Among all challenges facing the Lebanese economy, the taxation system is at the core of it. With its narrow base and large holes, taxation does not raise sufficient resources for the country; it is excessively leaky, inefficient and extremely unfair, as indicated by the paper titled “ Which Tax Policies For Lebanon?” Published by Arab Reform Initiative in May 2021.
Lebanon has an insufficient taxation regime. Despite several historical waves of mini reforms on the taxation level, Lebanon still has very low tax revenues comparing to regional and poorest countries and it is in turn incapable to finance effective basic public services. As such, almost 15% of GDP represents the tax revenues in Lebanon by 2018 while Egypt has the closest tax revenues with 16.7% and Senegal and Costa Rica have similar tax revenues. However, much poorer countries have higher tax revenues, such as Sub-Saharan Africa (17%), Morocco (27.8%), and Tunisia (32.6%).
Furthermore, tax system in Lebanon is un-equalizing, unfairly targeting the middle class and the poor with very limited incidence on the rich class. The system depends extremely on indirect taxation; value added taxes, excise taxes and tariffs. Not to mention that indirect taxes are significantly regressive and only 11% represents the share of revenues collected through a progressive scheme. Only wages, property income, and inheritance are taxed as per progressive rates, whereas firms’ profit, interest earning, and capital gains and dividends are taxed at flat rates.
The tax rates, share of taxes and share of GDP in Lebanon:
Source: Which Tax Policies For Lebanon by the Arab Reform Initiative, MoF
At the comparative level, Lebanon has the lowest revenues from corporate taxes compared to historical and international standards and peer countries. As such, the tax grips 11 % of total revenues or about only 1.5% of GDP with Egypt and Morocco have larger share of revenue from taxing firms, while Tunisia and Turkey are likely to be close to Lebanon. However, all these countries end up with larger revenues compared to Lebanon.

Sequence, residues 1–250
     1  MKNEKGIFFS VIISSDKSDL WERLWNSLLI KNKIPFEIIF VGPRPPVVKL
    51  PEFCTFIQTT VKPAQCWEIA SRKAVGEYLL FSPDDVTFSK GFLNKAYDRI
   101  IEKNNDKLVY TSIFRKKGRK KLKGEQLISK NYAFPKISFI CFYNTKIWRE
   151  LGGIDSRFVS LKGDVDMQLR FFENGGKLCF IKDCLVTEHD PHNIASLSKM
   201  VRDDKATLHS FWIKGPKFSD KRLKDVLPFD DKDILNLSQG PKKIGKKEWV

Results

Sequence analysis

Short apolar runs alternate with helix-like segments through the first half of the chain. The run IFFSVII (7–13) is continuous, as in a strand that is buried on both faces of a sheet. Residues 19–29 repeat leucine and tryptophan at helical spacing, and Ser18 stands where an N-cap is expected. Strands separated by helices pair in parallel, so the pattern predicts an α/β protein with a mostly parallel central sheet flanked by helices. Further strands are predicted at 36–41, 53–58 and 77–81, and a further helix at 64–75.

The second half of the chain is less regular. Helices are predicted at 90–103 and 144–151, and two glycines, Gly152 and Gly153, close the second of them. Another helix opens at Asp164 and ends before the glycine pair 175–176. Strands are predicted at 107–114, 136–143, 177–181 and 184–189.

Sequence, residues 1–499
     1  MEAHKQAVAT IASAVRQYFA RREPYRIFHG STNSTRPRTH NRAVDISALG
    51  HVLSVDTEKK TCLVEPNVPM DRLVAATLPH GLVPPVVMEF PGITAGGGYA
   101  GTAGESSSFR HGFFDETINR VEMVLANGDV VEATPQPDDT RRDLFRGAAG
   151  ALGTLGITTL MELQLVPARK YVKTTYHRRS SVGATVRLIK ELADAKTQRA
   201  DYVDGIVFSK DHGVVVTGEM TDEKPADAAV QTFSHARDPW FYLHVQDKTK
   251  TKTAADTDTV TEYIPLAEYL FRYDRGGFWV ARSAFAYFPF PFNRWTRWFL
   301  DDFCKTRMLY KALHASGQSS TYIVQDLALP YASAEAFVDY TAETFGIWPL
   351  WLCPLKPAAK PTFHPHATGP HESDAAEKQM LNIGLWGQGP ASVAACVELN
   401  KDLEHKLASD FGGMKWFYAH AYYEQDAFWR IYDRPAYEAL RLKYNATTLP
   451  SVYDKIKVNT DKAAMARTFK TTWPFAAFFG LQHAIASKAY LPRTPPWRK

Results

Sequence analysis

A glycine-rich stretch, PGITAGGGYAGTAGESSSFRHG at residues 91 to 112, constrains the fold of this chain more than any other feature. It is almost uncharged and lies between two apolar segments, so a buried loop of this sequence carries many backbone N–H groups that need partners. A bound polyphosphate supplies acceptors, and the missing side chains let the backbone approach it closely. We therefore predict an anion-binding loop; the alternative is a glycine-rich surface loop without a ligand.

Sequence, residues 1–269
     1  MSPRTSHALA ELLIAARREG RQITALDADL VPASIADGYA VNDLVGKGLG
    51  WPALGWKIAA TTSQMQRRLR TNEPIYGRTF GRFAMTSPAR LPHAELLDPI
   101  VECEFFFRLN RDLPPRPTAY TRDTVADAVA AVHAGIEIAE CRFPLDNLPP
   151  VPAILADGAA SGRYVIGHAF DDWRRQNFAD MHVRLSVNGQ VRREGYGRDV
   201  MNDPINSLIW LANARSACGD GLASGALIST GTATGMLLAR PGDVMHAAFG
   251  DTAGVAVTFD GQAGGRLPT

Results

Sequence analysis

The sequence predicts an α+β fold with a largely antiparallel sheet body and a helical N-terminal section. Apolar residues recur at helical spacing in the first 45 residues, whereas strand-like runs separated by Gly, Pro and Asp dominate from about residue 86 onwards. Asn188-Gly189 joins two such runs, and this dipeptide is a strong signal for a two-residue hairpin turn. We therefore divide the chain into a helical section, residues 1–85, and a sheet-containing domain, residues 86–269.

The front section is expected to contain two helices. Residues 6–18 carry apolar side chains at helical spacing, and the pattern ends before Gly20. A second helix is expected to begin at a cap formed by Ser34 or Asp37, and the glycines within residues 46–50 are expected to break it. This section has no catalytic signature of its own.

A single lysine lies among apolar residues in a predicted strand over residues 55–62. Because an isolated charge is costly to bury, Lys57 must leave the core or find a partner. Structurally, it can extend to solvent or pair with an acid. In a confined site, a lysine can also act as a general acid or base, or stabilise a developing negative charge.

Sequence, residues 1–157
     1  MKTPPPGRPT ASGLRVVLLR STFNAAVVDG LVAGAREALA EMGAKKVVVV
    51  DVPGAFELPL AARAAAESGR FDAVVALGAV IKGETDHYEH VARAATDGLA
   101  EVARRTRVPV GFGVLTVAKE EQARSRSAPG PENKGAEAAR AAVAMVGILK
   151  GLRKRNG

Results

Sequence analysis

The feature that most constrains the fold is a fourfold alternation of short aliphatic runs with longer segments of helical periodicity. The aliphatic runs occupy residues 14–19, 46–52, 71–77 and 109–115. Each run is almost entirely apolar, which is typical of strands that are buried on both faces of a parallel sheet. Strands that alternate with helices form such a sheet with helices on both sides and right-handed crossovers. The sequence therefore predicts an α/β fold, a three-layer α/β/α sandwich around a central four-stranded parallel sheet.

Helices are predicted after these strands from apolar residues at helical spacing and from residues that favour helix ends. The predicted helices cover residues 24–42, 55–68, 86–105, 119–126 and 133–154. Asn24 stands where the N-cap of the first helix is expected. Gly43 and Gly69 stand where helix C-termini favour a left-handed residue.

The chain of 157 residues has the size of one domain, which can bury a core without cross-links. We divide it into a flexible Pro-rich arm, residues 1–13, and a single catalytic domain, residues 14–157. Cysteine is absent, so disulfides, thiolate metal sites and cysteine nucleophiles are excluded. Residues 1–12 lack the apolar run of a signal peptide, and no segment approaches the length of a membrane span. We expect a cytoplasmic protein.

Comparison of tax structure, Lebanon 2015, and other countries:
Moreover, the tax system is particularly leaky in Lebanon. Tax revenues could increase by 50% or 6-8% of GDP only if properly collected. The collection of taxes is particularly ineffective. The VAT and customs by itself could potentially rise in revenue by 3-4% GDP once the borders are rigorously controlled. Moreover, very limited fraction of real incomes is appropriately declared. In fact, accurately collected income tax could also raise an extra 2-4% GDP. It is worth mentioning that one major obstacle for the tax collection is the banking secrecy law in Lebanon. Tax revenue among the liberal professions, capital gains earned abroad by residents, inheritance tax, capital and real estate inheritance, are all extremely difficult to collect due to “the banking secrecy law” that prohibit effective control on banks accounts leading to the loss of key sources of revenue and a lot of tax avoidance.
In short, Lebanon clearly does not raise enough resources from tax revenues and reforms are widely required to improve collection of taxes. Structure of taxes must be also revised as it is much more placed on labor taxpayers than on liberal professions while also tax avoidance is much easier for richer taxpayers. More importantly, tax increase is surely to be avoided in a collapsing economy, whilst taxes must be collected properly instead from a reformed and well-functioning economy so as to be able to undertake public investments and social expenditures and also to afford the interest on the newly restructured debt.